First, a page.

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Commandments of a Cheapskate: The grand finale

Trying to escape the craziness of the wedding industry unscathed.
What started as a cheapskate column has yielded some unexpected results. Picture: Shutterstock

Just over two years ago, I wrote the first in a series of cheapskate columns.

Like most things in my life, I didn’t just go out on a whim. I had been walking around with the idea for a satirical column for months, agonising over whether it would be a good idea at all. If life was an investment, my appetite for risk would put me squarely in the money-under-the-mattress category … Would people get my off-beat humour? Apparently, sarcasm is the lowest form of wit. Is it even a good idea for a camera-shy introvert to put their life and views out there for the world to judge?

As the daughter of a minister (the kind that preaches in a church, not the kind that promises sunshine and happiness if you vote for them) I’ve always had a natural affinity for a soapbox, but I was also well aware that the type of sermons that tell people to put money aside for a good cause are generally much less well received than the types that promise land and jobs.

After significant scenario-planning, I decided that this was something I had to do. I braced myself for the fallout and started shopping for comment section tombstones.

The one scenario I didn’t plan for was that I would receive an e-mail, funnier than anything I could ever write, asking me out. One would think that at my age, a plummeting metabolism, growing cynicism and crow’s feet would unite to automatically protect me from any suitors, but apparently, if you understand compounding and know your way around Excel, there is an inexplicable allure to a frugal woman!

So here we are, one week away from saying our I dos … The ride has been unexpected in more ways than one.

Despite my best efforts to convince the family that a wedding at home affairs would do, and that my pale skin colour would make it impossible to distinguish the person from the dress, my pleas have fallen on deaf ears. Apparently, this is easily fixed by some spray tan that covers you in a light orange … sorry ‘bronze’, although it comes with the heightened risk that you may have to introduce yourself to the wedding guests.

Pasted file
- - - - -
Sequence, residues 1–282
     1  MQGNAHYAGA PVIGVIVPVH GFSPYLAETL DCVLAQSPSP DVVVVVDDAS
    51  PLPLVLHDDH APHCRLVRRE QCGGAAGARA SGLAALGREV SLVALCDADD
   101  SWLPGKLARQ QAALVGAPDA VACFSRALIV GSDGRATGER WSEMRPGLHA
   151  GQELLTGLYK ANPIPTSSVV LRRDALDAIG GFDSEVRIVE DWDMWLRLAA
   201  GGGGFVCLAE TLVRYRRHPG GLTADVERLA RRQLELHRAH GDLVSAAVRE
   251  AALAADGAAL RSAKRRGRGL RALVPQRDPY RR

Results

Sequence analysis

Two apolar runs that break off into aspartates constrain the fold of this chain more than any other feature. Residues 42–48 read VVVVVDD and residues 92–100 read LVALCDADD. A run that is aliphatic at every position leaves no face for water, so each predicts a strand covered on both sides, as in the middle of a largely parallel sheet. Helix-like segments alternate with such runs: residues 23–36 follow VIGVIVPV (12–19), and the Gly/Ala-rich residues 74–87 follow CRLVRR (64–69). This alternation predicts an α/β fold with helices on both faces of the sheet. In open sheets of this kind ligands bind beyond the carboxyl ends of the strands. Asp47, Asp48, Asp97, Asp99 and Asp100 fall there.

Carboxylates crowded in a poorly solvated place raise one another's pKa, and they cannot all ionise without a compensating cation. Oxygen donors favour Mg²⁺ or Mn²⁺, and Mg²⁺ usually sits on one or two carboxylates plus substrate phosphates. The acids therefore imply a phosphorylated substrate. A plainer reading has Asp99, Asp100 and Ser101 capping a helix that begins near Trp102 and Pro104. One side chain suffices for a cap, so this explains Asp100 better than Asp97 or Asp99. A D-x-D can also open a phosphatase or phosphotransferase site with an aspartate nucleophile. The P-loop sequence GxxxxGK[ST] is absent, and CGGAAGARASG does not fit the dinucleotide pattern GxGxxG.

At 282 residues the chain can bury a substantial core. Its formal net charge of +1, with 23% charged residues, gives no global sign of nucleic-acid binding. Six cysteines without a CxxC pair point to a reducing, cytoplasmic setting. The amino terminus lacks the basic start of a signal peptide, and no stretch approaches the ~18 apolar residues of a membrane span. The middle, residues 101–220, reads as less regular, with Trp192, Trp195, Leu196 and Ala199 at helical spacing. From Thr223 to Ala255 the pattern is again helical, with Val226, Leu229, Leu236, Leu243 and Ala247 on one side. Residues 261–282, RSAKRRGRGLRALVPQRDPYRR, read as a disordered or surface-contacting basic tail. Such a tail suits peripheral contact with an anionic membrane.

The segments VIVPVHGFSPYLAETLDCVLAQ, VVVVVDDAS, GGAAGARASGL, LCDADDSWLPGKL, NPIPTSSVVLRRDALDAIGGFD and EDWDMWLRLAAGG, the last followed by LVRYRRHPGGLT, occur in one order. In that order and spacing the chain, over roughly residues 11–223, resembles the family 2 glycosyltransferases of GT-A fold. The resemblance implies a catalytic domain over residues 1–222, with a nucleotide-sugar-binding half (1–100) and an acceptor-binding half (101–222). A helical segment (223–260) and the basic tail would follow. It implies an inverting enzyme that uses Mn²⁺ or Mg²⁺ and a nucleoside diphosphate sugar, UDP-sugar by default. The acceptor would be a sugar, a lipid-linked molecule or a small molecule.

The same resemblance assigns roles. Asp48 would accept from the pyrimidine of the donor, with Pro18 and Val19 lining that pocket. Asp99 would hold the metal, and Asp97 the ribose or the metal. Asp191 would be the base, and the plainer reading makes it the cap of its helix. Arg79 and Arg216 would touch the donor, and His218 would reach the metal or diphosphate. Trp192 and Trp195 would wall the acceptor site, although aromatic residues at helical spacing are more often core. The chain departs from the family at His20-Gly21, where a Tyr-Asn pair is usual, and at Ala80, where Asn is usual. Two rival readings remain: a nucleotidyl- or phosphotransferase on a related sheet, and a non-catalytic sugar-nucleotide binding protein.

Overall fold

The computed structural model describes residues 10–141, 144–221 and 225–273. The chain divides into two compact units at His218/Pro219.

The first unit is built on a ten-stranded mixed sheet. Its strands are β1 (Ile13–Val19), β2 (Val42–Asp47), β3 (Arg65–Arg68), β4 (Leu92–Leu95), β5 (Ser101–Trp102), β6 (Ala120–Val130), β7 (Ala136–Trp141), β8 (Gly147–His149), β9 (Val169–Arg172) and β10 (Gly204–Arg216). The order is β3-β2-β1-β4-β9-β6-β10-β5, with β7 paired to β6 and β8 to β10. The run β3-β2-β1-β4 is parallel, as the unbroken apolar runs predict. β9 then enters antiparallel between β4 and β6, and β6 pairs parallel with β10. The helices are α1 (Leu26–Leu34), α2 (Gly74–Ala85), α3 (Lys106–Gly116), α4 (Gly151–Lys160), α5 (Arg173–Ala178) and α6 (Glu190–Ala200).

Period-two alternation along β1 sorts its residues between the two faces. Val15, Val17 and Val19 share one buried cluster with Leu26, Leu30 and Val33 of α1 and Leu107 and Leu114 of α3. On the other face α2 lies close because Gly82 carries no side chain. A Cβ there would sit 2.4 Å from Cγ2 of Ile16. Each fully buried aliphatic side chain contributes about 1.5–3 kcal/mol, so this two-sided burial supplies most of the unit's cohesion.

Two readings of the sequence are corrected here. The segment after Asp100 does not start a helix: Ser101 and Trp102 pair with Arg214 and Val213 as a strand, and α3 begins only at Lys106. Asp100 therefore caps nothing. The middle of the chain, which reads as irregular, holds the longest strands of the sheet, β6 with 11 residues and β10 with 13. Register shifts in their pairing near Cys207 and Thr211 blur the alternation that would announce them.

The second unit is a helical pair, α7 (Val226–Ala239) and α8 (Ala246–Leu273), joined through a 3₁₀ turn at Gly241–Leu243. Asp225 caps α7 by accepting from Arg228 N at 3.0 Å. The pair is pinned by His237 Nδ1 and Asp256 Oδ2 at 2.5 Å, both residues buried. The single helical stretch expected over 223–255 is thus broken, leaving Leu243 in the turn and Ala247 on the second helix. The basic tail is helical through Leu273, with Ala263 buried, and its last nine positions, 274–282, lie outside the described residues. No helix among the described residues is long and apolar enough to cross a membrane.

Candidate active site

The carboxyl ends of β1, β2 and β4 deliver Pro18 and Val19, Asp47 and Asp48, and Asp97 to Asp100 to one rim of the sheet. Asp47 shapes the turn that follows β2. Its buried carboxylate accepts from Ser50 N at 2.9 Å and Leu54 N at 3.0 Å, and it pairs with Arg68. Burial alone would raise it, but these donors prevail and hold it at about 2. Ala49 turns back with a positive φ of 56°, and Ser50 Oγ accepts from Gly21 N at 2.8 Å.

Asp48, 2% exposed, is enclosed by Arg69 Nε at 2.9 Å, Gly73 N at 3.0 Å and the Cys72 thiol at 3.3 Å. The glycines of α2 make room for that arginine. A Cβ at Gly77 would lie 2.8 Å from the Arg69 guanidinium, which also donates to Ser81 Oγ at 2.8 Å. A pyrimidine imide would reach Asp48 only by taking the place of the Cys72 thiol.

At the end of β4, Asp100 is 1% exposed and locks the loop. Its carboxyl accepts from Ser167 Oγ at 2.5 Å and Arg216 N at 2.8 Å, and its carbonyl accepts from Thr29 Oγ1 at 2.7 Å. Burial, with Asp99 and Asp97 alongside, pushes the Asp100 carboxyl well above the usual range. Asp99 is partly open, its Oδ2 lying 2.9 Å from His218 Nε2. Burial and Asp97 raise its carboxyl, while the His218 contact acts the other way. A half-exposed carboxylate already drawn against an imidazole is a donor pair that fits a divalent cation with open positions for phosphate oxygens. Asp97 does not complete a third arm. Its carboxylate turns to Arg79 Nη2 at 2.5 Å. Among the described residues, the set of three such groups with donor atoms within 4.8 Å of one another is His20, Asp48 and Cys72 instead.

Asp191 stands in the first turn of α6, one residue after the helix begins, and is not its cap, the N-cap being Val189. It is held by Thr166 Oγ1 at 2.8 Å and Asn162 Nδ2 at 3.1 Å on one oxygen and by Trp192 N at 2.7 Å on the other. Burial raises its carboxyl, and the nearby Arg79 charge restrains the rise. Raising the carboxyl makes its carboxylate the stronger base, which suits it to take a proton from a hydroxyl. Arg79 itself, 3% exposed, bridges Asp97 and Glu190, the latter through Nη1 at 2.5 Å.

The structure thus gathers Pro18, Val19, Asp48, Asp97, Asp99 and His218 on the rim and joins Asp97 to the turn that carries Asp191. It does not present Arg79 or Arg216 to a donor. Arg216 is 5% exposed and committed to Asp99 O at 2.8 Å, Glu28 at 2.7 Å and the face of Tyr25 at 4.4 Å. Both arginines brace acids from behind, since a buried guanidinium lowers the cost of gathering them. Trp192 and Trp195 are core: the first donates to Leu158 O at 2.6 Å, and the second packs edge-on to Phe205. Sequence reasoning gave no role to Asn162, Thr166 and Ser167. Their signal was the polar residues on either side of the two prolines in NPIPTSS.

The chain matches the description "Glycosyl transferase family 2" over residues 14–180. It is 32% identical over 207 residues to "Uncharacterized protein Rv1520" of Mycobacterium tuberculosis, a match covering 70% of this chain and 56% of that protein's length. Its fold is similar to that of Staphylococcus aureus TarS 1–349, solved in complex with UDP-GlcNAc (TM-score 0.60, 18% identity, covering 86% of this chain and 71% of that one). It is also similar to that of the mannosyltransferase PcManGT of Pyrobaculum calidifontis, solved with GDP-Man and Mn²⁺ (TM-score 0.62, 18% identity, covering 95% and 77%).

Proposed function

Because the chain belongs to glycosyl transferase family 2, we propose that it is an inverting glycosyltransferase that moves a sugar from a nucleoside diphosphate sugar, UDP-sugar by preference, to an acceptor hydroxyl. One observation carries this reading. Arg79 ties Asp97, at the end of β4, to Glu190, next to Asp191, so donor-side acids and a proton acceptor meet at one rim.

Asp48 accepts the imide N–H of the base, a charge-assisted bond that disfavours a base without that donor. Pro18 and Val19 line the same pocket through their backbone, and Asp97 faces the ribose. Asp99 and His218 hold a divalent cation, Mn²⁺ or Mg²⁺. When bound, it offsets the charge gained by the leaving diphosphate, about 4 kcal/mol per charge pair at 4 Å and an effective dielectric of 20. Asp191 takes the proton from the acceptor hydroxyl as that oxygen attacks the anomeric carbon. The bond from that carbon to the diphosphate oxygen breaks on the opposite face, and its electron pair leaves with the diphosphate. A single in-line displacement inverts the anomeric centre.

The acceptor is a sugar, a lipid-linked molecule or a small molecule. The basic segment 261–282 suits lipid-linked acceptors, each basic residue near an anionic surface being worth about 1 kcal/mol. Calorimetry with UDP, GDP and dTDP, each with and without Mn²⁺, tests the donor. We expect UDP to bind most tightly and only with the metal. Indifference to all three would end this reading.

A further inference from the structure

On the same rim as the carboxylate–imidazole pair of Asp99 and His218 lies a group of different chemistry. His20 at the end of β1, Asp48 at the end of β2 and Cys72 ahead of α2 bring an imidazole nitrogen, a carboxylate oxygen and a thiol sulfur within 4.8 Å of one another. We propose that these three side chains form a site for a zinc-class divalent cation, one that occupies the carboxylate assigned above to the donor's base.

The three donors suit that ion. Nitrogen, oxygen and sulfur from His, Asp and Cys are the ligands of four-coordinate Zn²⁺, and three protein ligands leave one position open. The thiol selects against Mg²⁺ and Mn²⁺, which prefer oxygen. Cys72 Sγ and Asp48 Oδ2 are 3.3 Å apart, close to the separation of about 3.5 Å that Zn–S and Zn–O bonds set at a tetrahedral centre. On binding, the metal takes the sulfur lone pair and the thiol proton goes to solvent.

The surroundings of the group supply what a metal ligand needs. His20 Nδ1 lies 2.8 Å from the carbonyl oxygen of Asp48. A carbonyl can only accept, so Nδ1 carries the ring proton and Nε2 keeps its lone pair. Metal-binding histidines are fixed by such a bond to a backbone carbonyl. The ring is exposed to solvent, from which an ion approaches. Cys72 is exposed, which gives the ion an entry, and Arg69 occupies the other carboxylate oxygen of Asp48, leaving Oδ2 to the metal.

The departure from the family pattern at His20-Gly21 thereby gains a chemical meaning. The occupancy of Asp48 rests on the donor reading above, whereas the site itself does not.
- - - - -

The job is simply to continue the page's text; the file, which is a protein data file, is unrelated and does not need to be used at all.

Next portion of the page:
I’ve also tried to sell an idea for a pop-up boerewors roll stand next to the church as this would allow us to make a small profit from the event, but the broader circle of friends immediately waved this away as “too left field”.

If you haven’t recently been exposed to the craziness of the wedding industry, consider yourself lucky. It is a world that bears some resemblance to the South African economy from the outside, but once you enter, things change for the worst. Inflation easily runs at 20%. A second-hand … sorry “pre-loved” dress can set you back several tens of thousands of rand easily. However, the shop would be more than happy to resell it for 60% of the retail price afterwards. You can pocket 40% of that. By my calculation, no matter how frugally we live, the marriage would have to last at least 90 years before we would break even given such extravagance. So much for the Excel spreadsheet.

And while you can have an amazing meal at an upmarket restaurant for R350 per person, most wedding caterers would only be able to supply boerewors rolls on this budget. This would exclude the caramelised onions.

Scared that I would not only have to spend all the money under my mattress to host this wedding, but that I may need to sell the mattress itself, I’ve decided to rather let (some) sanity prevail.

These are my suggestions:

  • Get married in autumn/winter. This is considered off-season and most venues offer significant discount. While you can always ‘filter’ your way to a beautiful wedding, Photoshop is less helpful when it comes to protecting your bank balance.
  • Reduce the guest list. I realise that not inviting those family members you haven’t seen for years is a risky move. To solve this, you may want to host the ceremony in a place that is difficult to locate on Google Maps. Like Joburg.
  • Use your connections. While a few people thought it was quite a big ask to expect my dad to walk me down the aisle and officiate the ceremony, I’ve reminded them that we all had to make sacrifices. Some of us had to go as far as wearing a white dress.
  • (If you are lucky enough to count the other type of minister among your circle of friends, remember that Waterkloof Air Force Base is always available …)
  • Break with tradition. Most guests would survive if they didn’t receive some coffee beans, seeds or handmade soap as a gift, especially if it means they can actually get caramelised onions with their boerewors rolls.
  • Avoid debt. While I will probably be forever indebted to my friends, family, family-to-be and husband-to-be for the tremendous effort they all went to to contribute to this event, borrowing money has never even been a discussion point.

Ultimately, I guess, the best decision is to choose your spouse wisely. One of the most valuable pieces of advice I have received is to keep your eyes wide open before you marry someone, but to close them afterwards.

I never imagined that writing a cheapskate column aimed at encouraging other people to live below their means could yield such an outsized return for me. I’ve been incredibly fortunate.